|Publication number||US4578577 A|
|Application number||US 06/497,935|
|Publication date||Mar 25, 1986|
|Filing date||May 25, 1983|
|Priority date||May 31, 1982|
|Publication number||06497935, 497935, US 4578577 A, US 4578577A, US-A-4578577, US4578577 A, US4578577A|
|Original Assignee||Fuji Photo Film Co., Ltd.|
|Export Citation||BiBTeX, EndNote, RefMan|
|Patent Citations (3), Referenced by (7), Classifications (20), Legal Events (4)|
|External Links: USPTO, USPTO Assignment, Espacenet|
This invention relates to a light beam scanning device in which the scanning speed irregularity of a light beam on a scanning surface is corrected and the scanning timing can be finely adjusted.
There are a variety of light beam scanning devices in which a light beam is deflected, so that data is recorded on a recording material placed on the scanning plane of the light beam, or data is read out of an original placed on the scanning plane. The light beam deflectors of these devices are, in general, vibrating mirrors such as galvanometers, or rotary multi-mirrors. In such devices, it is desirable that the light spot on the scanning surface is scanned at a uniform speed. If the scanning speed is irregular, the recorded pattern or the pattern which is obtained by reproducing the data signals read out is distorted. For instance, in the case where the galvanometer is used, the scanning speed is considerably irregular when the accuracy of forming a sawtooth drive signal and the response accuracy or repetition accuracy of the galvanometer are taken into consideration. The irregularity is, in general, increased as the speed is increased. In the case where a rotary multimirror is used, it is very difficult to rotate it at a constant speed. Accordingly, the light spot scanning speed is liable to be unstable.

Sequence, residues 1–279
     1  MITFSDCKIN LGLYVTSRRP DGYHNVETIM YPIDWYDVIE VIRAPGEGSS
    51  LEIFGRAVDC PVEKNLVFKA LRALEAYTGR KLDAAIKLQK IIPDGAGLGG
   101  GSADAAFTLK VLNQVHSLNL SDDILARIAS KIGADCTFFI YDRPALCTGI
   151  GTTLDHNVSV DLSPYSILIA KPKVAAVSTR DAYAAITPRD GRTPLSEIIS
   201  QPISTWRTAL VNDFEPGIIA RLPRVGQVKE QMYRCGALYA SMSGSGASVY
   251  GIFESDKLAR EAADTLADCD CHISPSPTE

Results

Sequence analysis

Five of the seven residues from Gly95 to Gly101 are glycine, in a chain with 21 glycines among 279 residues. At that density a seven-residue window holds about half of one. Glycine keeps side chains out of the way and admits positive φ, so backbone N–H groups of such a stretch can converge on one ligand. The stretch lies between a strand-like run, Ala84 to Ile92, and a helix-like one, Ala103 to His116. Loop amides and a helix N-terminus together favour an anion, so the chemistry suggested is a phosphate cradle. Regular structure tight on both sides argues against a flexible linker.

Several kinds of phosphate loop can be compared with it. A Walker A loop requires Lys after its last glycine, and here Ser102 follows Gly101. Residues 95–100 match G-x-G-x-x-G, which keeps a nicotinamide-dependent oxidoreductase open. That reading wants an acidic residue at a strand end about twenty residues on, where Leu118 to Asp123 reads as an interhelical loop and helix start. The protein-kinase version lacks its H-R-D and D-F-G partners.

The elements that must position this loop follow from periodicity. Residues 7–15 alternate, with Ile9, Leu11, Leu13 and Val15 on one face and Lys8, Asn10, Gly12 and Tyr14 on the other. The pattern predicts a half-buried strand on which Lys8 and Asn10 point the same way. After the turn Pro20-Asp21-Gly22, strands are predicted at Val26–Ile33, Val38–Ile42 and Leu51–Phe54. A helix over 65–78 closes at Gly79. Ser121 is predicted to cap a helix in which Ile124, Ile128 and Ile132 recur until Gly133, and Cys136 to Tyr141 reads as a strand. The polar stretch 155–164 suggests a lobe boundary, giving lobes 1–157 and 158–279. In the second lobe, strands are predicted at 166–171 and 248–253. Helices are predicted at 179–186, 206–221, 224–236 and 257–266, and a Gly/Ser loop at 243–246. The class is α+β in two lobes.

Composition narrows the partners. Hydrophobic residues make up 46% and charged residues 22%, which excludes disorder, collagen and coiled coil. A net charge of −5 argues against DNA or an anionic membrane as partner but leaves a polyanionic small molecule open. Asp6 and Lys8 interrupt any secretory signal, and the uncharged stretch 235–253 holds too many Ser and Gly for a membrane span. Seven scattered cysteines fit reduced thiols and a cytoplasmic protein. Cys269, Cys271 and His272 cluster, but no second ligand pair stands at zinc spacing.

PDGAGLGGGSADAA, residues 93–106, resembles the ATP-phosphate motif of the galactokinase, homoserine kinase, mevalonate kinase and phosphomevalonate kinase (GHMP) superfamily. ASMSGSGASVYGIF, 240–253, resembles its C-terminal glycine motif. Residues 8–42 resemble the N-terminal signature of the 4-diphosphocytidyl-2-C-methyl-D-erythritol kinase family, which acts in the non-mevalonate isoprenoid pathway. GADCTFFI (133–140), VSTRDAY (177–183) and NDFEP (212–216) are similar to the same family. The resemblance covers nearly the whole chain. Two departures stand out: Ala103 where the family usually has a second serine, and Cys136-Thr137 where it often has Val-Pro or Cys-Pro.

The above-described irregularity or instability of the optical spot may be substantially eliminated by a known method in which a grid pattern comprising transparent portions and opaque portions arranged alternately with a predetermined period and in a canning direction is placed on a plane which is substantially equivalent to the scanning surface on which data is recorded or read. A photo-electric signal obtained through the grid pattern is employed as a scanning reference signal. FIGS. 1, 2 and 3 show examples of a light beam scanning device employing this method. In these figures, reference numeral 1 designates an optical deflector; 2, a scanning lens; 3, a scanning plane on which a recording material or an original is placed; 5, a grid pattern on a reticle; 6, a condenser lens; 7, a photo-detector; 8, a first laser beam (indicated by the solid line) for scanning a recording material or an original; and 9, a second laser beam (indicated by the broken line) for scanning the grid pattern.
In the device of FIG. 1, the first and second laser beams 8 and 9 are substantially coaxially applied to the deflector 1. These laser beams are deflected by the deflector 1, passed through the scanning lens 2, and separated by a beam splitting mirror 4. As a result, the first laser beam scans the scanning plane 3 on which a recording material or original is placed, while the second laser beam scans the grid pattern 5 on the reticle.